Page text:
Back in the 80s, when all the cool 4th graders at Thornydale Elementary in Tucson wore plaid button-up blouses with puffy sleeves tucked into Jordache jeans, a monogrammed comb in their back pocket for instant hair feathering possibilities, I played hopscotch on the playground in a pink lace dress and black mary janes. I liked my dresses and girlie shoes and didn’t care if that meant I could never hang with the popular girls. The popular girls were mainly horse-loving bossy creatures anyway. Why would I be interested?
But my girlie threads didn’t hold me back: I could climb trees like nobody’s business and was a master horny toad catcher—and yes, those suckers do squirt blood out of their eyes, but only the adults, not the babies. I’m pretty sure I was wearing my blue silk Gunne Sax with faux pearls at the collar when I went to at an all-boys birthday party sleepover. My genteel exterior didn’t stop me from beating the boys at arm wrestling and that game where you kick the back of their knees to make them fall down—I’m not sure what that game is called, but probably it’s name is “being a boy.” I was a year older and a head taller, so I definitely had the advantage, but still.
Anyway, when I grew up I had a hippie phase, a punk goth phase and a very short-lived sporty phase, but mostly I’ve kept with the dresses, the mary janes morphing into ballet flats and, when I can get away with it, high heels. I inherited my mother’s bunions and high heels aren’t exactly designed for comfort, but I still have many thrifted beauties in my collection I will never get rid of, but probably also never wear. Here’s video where I present the gems in my never-worn collection.*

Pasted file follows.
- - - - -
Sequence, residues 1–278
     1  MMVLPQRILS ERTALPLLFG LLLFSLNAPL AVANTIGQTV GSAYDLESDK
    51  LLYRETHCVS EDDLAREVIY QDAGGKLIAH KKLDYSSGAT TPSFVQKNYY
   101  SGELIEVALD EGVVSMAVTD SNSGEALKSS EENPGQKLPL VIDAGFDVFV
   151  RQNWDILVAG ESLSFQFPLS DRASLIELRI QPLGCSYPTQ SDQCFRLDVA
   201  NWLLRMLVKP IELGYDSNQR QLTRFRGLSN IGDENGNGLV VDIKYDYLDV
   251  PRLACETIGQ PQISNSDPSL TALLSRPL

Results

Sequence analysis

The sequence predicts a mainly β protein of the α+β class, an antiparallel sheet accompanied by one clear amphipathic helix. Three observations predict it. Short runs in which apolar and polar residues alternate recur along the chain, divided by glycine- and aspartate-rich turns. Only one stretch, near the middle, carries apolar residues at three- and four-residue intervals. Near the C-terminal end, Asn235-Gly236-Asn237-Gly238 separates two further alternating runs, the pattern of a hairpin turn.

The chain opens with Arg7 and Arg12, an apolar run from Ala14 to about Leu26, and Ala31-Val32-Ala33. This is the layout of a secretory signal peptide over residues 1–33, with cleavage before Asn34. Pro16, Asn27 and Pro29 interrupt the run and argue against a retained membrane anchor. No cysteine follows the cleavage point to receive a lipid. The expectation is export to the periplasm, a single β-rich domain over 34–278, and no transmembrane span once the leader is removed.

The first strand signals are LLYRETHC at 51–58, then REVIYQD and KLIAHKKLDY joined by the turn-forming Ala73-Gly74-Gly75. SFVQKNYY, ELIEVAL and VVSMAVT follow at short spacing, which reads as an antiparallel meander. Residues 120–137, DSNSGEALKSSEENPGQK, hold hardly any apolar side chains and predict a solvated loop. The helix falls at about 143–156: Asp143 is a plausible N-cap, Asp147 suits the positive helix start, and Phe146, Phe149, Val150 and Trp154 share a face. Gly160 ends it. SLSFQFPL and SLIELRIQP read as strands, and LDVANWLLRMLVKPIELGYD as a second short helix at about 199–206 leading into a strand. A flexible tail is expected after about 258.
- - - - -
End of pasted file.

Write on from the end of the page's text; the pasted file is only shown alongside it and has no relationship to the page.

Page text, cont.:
By the way, these are the shoes I do actually wear, almost every day.
Handmade Mexican cowboy boots I picked up at Community Thrift on Valencia for 20 bucks, which make them a thrifting “splurge,” but well worth it. Love these babies!
*I always make these videos on a lark, and so I always end up saying a few weird things (what, me??), but usually I don’t really care when I notice later. But it actually has been bothering me a little that I describe myself at some point in the video as being “hyper-feminine.” After a google search or two, I’m even a little confused about the term. Does is mean the neutral “very feminine”, which I meant, or does it mean “conforming to stereotypical female gender roles?” The Internet can’t seem to agree.
Either way, if someone watches the video to the end and actually pays attention to what I say, neither of which are all that likely, they might think it very strange that I call myself “hyper feminine as in very feminine” if they come from a culture where your average woman practically goes jogging in high heels, complete with full make-up and long, frosted blonde tresses. But I live in Berlin, where most (German) women choose comfort over fashion and rarely, if ever, wear any make-up. Compared to most women my age here, I’m practically Zsa Zsa Gabor. When I tell them I like to wear heels, they often look at me like I’ve just told them I like lacing my drinking water with miniscule amounts of cyanide just so I can live on the edge. 😉